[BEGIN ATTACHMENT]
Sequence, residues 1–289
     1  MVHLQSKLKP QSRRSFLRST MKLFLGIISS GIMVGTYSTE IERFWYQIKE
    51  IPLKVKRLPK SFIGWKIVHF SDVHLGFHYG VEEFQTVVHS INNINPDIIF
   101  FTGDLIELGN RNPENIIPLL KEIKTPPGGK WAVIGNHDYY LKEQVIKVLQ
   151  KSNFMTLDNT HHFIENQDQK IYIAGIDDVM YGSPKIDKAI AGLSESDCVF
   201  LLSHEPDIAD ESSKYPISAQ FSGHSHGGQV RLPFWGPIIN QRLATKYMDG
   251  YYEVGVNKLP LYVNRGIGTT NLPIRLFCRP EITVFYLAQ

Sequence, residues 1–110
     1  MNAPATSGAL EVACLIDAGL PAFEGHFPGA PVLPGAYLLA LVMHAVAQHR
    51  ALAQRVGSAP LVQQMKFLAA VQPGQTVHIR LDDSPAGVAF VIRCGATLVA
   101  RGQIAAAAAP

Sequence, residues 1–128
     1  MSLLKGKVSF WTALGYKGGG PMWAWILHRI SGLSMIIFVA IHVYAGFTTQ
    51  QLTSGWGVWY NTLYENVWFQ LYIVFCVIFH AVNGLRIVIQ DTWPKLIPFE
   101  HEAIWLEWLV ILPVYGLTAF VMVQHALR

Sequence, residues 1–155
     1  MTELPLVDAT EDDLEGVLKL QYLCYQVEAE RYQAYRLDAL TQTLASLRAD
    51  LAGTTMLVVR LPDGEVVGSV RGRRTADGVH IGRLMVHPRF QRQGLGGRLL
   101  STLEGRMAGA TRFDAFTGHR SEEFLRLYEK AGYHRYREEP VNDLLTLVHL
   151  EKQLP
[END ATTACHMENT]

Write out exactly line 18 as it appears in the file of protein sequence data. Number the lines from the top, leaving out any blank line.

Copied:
    51  LAGTTMLVVR LPDGEVVGSV RGRRTADGVH IGRLMVHPRF QRQGLGGRLL